Abstract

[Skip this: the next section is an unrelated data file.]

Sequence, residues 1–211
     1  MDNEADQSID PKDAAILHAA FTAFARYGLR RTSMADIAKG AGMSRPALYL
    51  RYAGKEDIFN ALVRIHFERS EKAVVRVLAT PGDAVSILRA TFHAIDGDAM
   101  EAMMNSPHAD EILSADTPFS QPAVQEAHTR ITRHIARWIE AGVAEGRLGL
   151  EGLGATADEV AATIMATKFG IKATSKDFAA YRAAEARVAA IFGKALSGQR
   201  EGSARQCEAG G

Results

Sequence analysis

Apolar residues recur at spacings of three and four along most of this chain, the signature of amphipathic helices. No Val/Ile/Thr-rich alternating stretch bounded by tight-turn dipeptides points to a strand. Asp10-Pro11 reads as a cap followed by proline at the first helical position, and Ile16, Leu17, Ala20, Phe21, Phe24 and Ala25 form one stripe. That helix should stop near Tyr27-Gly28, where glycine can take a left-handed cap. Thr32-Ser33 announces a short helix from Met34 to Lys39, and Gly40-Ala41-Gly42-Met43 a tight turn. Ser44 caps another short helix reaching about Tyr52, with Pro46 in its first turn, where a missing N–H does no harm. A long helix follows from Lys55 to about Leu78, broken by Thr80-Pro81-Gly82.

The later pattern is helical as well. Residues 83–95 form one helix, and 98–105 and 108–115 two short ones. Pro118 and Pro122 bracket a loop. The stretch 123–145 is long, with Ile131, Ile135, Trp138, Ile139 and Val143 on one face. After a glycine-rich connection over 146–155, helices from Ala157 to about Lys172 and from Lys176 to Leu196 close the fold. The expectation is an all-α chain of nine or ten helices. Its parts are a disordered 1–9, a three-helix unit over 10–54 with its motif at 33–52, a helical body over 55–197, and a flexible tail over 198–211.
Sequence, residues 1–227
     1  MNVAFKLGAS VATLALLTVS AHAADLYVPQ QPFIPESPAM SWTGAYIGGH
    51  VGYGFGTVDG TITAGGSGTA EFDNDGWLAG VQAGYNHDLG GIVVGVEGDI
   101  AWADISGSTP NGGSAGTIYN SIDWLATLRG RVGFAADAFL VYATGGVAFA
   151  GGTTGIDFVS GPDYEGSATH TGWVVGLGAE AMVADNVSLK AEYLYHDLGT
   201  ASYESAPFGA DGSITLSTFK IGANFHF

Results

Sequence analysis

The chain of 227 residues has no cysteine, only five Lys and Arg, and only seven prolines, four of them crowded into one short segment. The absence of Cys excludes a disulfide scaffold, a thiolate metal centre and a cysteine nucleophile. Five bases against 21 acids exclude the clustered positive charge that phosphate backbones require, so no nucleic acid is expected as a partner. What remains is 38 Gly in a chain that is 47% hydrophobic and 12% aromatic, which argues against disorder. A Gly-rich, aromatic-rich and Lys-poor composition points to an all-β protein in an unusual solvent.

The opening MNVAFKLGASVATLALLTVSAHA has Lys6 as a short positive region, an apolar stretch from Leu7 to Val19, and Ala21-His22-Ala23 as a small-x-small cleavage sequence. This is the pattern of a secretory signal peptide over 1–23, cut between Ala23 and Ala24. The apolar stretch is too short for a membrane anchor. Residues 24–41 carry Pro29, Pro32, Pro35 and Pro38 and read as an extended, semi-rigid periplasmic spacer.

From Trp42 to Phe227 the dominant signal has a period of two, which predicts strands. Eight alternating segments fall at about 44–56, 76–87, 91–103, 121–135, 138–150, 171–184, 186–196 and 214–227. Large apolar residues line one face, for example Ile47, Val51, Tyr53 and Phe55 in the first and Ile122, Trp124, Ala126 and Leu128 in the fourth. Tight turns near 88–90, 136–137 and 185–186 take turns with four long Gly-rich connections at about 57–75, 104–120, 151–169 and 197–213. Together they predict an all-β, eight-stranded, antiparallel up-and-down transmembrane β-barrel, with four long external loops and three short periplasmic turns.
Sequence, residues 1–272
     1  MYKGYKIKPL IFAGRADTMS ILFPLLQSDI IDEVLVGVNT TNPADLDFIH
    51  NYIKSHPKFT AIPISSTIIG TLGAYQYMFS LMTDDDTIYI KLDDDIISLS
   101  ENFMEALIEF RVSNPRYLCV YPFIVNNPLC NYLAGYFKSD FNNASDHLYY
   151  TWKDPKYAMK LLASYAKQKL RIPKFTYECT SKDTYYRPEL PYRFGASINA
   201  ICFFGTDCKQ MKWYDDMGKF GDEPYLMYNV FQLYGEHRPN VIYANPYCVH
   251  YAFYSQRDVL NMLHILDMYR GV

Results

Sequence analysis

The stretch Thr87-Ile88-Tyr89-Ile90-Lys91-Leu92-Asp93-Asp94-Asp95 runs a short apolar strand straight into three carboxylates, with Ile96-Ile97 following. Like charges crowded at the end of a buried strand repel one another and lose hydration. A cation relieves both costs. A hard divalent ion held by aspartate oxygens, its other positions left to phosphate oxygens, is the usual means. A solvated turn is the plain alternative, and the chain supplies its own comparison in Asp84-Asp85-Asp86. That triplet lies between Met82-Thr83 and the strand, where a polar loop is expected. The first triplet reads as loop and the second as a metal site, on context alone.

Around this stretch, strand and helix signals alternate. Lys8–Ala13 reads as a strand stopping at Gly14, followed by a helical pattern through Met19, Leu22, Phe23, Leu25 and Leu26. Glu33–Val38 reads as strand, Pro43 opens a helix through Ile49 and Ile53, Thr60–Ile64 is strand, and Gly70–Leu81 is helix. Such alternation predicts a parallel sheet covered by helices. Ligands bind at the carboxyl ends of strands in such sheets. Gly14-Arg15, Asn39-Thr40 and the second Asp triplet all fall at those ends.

We have observed first-order mantle reverberations, specifically SH-polarized ScSn and sScSn phases reflected at near-normal incidence from upper mantle discontinuities, as discrete phases on long-period digital seismograms of the HGLP and SRO networks. Such arrivals correspond to an n or n + 1 member dynamic ray family denoted by {ScSn, Sd±S}, where n is the multiple number of the parent phase, “d+” signifies a reflection from the top of an internal discontinuity at depth d, and “d” signifies a reflection from the bottom. The travel times and attenuation of these phases place important constraints on the nature of the transition zone. We have employed the phase equalization and stacking algorithm of Jordan and Sipkin (1977) to obtain the differential attenuation operators of {sScSn, S650+S} − sScSn and {ScSn, S650S} − ScSn phase pairs from deep-focus Tonga events recorded by the HGLP station KIP on the island of Oahu. The apparent Q's of the zeroth-order and first-order reverberations over the frequency band of 10 to 30 mHz have been inverted for the average quality factors of the upper mantle (QUM) and lower mantle (QLM) and the reflection coefficient of the 650 km discontinuity (R650). At 20 mHz, the results are: QUM = 82 ± 18, QLM = 231 ± 60, and |R650| = 0.080 ± 0.004 (at normal incidence). The QLM estimate is significantly less than recent normal mode solutions, suggesting that lower mantle attenuation structure is frequency-dependent at very low frequencies. We have measured the differential travel times between the first-order reverberations {sScSn, S400+S} and {sScSn, S650+S}, which yields a direct estimate of the vertical shear-wave travel time between the discontinuities along the Tonga-to-KIP path. The observed two-way time, 92.2 ± 1.5 sec, is less than predicted by some recent oceanic upper mantle models, indicating either a smaller separation of the discontinuities and/or greater shear velocity in the transition zone. Measurements of differential travel times between first-order reverberations and multiple ScS phases suggest that the former is more likely and are consistent with depths of 400 and 650 km for the transition zone discontinuities. Observations of first-order mantle reverberations can potentially provide unique constraints on lateral heterogeneity of the earth's mantle, especially within the transition zone.

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